What Makes a Business Liable for Injuries?

A critical part of American injury law covers the liability of businesses for accidents that happen at their locations. That doesn't mean a business is liable for everything that goes wrong, though. Here are three reasons why an injury victim might successfully pursue compensation based on premises liability.

Events on the Premises within the Company's Control

The simplest reason a business may be liable is a failure to deal with something within its control that led to the incident. Consider a case where a victim is hurt in a slip-and-fall accident involving a wet spot during cleaning. For the business to be liable, the staff had to fail to address several things within its control. These include issues like warning the public to avoid the area and not using products that leave the floor slick after drying.

Generally, the store's staff also has to have reasonable time to learn what happened and respond. The business probably isn't liable, for example, if a person slips on something another customer spilled a few seconds before the accident.

Strict Liability

The theory of strict liability applies on- and off-premises. This usually applies to dangerous activities, such as working with certain chemicals, explosive, exotic animals, and heavy machinery. If a defendant is strictly liable for something on its premises, a personal injury attorney will usually find that to be a fairly easy case. As long as the defendant's actions caused the accident, that's where the liability discussion ends.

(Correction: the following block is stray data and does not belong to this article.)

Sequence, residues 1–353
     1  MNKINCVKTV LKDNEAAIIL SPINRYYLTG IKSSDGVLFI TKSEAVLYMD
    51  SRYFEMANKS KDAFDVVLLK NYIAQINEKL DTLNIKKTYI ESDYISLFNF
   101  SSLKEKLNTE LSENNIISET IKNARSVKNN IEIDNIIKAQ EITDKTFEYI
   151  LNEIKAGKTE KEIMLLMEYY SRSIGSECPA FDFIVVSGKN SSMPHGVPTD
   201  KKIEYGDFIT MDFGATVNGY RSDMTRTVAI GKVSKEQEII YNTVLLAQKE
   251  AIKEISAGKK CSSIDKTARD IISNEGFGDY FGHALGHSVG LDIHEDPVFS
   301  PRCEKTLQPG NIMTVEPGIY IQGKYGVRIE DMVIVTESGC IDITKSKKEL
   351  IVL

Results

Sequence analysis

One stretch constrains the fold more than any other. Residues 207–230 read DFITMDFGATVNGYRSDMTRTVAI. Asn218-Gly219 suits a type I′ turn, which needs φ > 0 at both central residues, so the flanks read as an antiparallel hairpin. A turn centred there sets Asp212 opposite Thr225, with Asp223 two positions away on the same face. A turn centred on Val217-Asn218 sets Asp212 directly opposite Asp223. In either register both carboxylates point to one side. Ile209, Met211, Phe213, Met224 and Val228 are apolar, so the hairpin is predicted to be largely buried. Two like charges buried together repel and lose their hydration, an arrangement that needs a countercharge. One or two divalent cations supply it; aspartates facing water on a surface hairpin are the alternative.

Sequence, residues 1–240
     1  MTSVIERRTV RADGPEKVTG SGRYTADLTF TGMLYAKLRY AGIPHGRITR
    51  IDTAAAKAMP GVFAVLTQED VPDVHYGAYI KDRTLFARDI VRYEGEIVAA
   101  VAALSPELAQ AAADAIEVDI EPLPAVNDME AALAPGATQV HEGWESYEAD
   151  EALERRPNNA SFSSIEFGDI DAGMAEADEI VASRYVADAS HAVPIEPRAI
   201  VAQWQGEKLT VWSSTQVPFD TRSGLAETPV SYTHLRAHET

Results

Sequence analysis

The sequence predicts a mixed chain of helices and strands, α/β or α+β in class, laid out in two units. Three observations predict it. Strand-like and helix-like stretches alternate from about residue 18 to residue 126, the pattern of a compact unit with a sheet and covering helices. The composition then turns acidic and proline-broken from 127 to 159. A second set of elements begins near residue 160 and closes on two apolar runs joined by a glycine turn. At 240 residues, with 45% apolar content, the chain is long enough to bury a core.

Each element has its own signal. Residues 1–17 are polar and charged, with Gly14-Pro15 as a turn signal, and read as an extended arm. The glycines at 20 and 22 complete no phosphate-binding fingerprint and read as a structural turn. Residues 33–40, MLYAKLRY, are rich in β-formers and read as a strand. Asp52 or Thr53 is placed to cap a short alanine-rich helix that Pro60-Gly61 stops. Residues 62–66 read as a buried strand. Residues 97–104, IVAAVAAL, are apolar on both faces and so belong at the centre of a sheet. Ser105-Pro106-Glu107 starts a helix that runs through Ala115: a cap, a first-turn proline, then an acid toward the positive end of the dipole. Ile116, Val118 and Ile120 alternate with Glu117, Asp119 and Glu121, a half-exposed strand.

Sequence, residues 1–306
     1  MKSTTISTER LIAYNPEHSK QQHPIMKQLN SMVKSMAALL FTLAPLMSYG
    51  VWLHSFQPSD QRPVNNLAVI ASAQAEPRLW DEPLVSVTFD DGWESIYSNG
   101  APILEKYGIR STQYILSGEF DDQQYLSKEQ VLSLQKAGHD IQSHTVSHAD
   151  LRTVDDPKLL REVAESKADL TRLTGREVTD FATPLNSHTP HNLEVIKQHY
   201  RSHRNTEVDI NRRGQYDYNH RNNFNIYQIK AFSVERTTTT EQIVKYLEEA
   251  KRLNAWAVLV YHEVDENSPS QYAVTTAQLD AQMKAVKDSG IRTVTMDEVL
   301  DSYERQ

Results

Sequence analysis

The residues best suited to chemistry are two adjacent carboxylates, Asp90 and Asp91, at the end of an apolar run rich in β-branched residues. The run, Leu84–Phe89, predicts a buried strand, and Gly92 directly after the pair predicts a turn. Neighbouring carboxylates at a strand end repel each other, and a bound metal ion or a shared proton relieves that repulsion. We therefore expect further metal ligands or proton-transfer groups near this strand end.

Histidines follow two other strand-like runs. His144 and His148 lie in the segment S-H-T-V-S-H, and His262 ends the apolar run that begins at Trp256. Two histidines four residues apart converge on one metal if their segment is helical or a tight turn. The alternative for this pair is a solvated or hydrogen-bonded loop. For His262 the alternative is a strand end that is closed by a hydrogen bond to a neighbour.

Vicarious Liability

Businesses with employees are nearly always liable for the conduct of their workers while on the clock. The business is vicariously liable, meaning it's liable even if specific parties representing the business aren't present at the time. An owner designates a manager to handle problems at a store, and by extension, the manager designates an employee to do the work. Even though the owner probably didn't do anything to cause an accident involving a customer, they'd be vicariously liable because the employee is an extension of the owner's powers and responsibilities.

Mix and Match

You'll note that there is a significant overlap between these theories. The vicarious liability of a business for an employee failing to put up "wet floor" signs, for example, crosses into the domain of premises liability, too.

From the perspective of a personal injury lawyer, more is always better. If a defendant is liable based on theories of strict, vicarious, and premises liabilities, it's a lot harder for them to wiggle out of responsibility by escaping one.

To learn more, contact a personal injury attorney near you.